After two years of being canceled due to the coronavirus pandemic, the Bolder Boulder foot race returned to the neighborhood streets of Boulder, Colorado. It’s been a tough two years, and the absence of this race—which is almost synonymous with Memorial Day in my home town—has been sorely missed. But for 2022, the race was back to jubilation!

Local kids spray a Bolder Boulder runner with cool water at the 2022 Bolder Boulder 10K race. ©Laurel Kallenbach

As the Bolder Boulder website notes, there’s a lot more to race day than the 10K. It’s part run, walk, parade, costume party, pro race, and sponsor expo. There’s both a Citizen’s Race and the International Pro Team Challenge, which attracts top male and female athletes from around the world. There’s also a category for wheelchair racers. Founded in 1979 as a small, local 10K,  the Bolder Boulder has since grown to be one of the largest community running events in the world. Before the pandemic, our town celebrated every Memorial Day with more than 50,000 participants and 70,000 spectators.

The finish line is always at the University of Colorado’s Folsom Field, which becomes the perfect venue for everyone to gather and watch the professional race and the Memorial Day Tribute. All the runners finish in the packed stadium where crowds are cheering. Afterward, many people stay to watch the grand finale, the Memorial Day Tribute.

Runners and walkers of all ages have a thrilling time on the Bolder Boulder race route through town. ©Laurel Kallenbach

I live about a 10-minute walk from 19th Street, one of the principal throughways for the race, right at about Mile 3 of the race. After having no race in 2020 and 2021, it was exciting to head down to watch a nonstop river of runners, joggers, and walkers jubilantly celebrating on a sunny and cool day. My husband, Ken, usually runs the Bolder Boulder, so I generally post myself someplace on 19th Street and wait, camera ready to snap some photos of him in full runner mode. Sadly, this summer he was out of town, but I wouldn’t miss this the opportunity to revel again with thousands of other spectators—especially after missing the race for two consecutive years.


A few people ran the 2022 Bolder Boulder with masks on. Others wore masks around their necks for after the race when they entered the crowded Folsom Stadium. ©Laurel Kallenbach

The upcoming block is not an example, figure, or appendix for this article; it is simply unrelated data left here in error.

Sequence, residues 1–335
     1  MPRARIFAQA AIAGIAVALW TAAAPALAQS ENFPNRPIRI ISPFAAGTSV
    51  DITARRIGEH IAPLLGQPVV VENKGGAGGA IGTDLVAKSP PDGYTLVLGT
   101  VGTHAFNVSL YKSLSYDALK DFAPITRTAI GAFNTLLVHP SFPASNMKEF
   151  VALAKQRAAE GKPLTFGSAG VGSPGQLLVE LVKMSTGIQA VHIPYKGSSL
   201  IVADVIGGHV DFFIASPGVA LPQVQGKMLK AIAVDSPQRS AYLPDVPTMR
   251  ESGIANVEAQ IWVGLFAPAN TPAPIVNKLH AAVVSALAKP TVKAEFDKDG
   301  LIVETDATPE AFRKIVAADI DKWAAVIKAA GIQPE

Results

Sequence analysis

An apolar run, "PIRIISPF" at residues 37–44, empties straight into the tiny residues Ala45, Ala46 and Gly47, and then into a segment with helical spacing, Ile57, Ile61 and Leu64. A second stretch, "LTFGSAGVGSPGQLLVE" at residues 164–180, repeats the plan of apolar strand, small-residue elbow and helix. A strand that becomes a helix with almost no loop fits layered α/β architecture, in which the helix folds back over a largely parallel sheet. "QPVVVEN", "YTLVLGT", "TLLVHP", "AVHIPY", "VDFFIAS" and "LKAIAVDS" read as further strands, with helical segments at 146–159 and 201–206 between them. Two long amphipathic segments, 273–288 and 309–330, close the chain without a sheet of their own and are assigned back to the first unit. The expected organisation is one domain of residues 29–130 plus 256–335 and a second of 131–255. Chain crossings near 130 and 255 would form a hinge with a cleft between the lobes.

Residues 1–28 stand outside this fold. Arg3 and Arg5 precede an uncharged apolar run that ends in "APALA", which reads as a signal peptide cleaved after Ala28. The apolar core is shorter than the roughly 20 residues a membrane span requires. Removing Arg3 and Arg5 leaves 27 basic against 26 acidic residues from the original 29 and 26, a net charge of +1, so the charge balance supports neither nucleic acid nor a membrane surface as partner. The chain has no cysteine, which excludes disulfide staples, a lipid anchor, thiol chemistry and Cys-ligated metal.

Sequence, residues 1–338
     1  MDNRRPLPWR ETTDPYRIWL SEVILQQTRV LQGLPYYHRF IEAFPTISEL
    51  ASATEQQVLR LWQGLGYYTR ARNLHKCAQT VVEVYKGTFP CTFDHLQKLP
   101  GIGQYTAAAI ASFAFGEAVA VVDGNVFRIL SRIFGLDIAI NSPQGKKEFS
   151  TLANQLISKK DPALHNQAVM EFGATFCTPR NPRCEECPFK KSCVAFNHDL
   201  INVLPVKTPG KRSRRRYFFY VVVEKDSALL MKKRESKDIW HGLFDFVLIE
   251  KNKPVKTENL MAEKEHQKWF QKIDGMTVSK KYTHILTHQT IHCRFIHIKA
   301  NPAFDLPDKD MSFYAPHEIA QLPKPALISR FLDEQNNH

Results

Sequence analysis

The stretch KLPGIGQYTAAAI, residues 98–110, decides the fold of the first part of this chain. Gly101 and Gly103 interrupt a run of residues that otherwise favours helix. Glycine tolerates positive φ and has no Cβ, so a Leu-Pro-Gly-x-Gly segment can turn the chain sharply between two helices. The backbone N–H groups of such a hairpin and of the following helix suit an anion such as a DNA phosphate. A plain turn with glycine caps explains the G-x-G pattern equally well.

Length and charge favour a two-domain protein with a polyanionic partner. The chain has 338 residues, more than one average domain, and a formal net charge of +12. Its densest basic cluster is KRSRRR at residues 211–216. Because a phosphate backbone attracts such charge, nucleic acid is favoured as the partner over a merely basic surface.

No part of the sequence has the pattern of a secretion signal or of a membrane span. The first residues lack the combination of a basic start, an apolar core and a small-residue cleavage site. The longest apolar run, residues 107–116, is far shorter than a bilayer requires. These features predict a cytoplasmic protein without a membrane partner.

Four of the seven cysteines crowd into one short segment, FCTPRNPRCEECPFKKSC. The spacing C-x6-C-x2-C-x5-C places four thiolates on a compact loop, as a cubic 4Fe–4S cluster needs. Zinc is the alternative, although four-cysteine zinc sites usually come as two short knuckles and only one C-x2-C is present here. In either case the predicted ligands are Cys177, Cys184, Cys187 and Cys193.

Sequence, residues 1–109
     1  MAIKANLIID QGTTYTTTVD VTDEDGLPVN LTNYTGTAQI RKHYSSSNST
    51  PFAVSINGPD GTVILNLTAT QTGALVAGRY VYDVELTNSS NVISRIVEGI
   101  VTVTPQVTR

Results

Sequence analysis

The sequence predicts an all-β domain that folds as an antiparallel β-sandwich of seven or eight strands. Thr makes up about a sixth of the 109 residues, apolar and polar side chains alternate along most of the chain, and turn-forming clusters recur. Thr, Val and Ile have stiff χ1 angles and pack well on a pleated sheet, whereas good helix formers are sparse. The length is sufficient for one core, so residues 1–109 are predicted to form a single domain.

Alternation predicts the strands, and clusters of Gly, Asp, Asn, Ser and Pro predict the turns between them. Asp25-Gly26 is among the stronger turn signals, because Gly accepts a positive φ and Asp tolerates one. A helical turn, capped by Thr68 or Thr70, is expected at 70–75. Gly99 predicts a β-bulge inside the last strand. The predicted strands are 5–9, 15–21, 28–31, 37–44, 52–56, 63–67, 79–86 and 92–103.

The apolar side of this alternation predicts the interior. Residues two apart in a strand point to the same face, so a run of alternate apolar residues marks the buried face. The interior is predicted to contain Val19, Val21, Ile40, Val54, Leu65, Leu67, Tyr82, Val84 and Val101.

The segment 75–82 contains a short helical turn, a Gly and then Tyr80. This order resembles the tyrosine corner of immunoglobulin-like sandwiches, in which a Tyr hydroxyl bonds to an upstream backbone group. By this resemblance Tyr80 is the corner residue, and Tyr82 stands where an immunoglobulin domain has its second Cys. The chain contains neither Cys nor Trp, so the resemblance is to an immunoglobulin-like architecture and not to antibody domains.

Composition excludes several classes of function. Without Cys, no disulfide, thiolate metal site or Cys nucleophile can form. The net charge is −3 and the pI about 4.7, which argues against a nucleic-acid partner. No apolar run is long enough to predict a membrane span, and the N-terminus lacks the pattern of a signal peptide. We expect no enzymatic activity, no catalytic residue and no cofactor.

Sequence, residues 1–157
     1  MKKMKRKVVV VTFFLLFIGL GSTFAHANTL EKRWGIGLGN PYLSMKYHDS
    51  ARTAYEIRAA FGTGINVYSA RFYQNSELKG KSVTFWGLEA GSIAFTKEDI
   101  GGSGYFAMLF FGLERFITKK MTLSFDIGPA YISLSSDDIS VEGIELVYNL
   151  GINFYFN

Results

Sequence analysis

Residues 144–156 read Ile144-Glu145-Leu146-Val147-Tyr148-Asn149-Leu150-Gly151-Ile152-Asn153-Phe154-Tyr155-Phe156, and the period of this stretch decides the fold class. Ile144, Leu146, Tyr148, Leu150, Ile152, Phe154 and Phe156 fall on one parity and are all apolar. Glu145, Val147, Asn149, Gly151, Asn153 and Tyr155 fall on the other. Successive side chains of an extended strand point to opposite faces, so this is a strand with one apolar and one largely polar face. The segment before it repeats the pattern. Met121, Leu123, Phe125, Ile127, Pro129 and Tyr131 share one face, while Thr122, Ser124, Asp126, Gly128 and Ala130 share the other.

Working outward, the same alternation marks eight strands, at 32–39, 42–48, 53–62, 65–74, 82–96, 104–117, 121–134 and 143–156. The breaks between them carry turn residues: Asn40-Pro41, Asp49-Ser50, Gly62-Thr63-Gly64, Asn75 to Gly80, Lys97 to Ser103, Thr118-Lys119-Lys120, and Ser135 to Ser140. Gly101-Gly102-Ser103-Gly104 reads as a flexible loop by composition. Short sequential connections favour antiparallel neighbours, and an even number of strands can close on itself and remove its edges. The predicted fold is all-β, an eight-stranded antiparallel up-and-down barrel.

I have to admit that as I walked toward the race, a dark thought crossed my mind. This was a gathering of tens of thousands of people. What if there were a shooting? Just three months ago the Table Mesa King Soopers grocery store reopened after the deadly March 2021 shooting. I took a deep breath, shrugged off my fear, and kept walking. I’m so glad I did, because when I arrived, the race was blaze of energy and smiles, costumes and local bands playing music along the race route. After isolating for the better part of two years, there I was amid happy humanity. The sight made me laugh; it also brought tears to my eyes, realizing the toll the pandemic has taken on us as social beings.


Runners get splashed with water near Cotton Candy Corner of the Bolder Boulder race. ©Laurel Kallenbach


I also was keenly aware of the smell of sunscreen as racers passed by. The waft of scent from people who were breathing hard due to physical exertion set off another alarm: we emit about 130 times as many aerosols per minute during high-intensity exercise than when we’re at rest, say studies. All those airborne particles  raise the risk of transmitting COVID-19. But those statistics are from gyms, I reminded myself. Out in the open air, the risk is much less. Plus, there was a light breeze.

Soon I relaxed and laughed at runners raising their arms to receive a sprinkling of cool water from kids with their Super Soaker water blasters. I was also standing on “Cotton Candy Corner,” where volunteers were handing out cotton candy for runners in need of a jolt of sugar energy. Across the street a band was playing bluegrass.

Some young runners take a cotton candy break. ©Laurel Kallenbach


Memorial Day marks the official beginning of summer. This year, for me, the Bolder Boulder is a reminder to get back in the swing of doing social, summer activities that I love and that make our town unique—including celebrating the joy of  being in community with others in the great outdoors.

Laurel Kallenbach, writer and editor


A spectator cheers at the Bolder Boulder. ©Laurel Kallenbach


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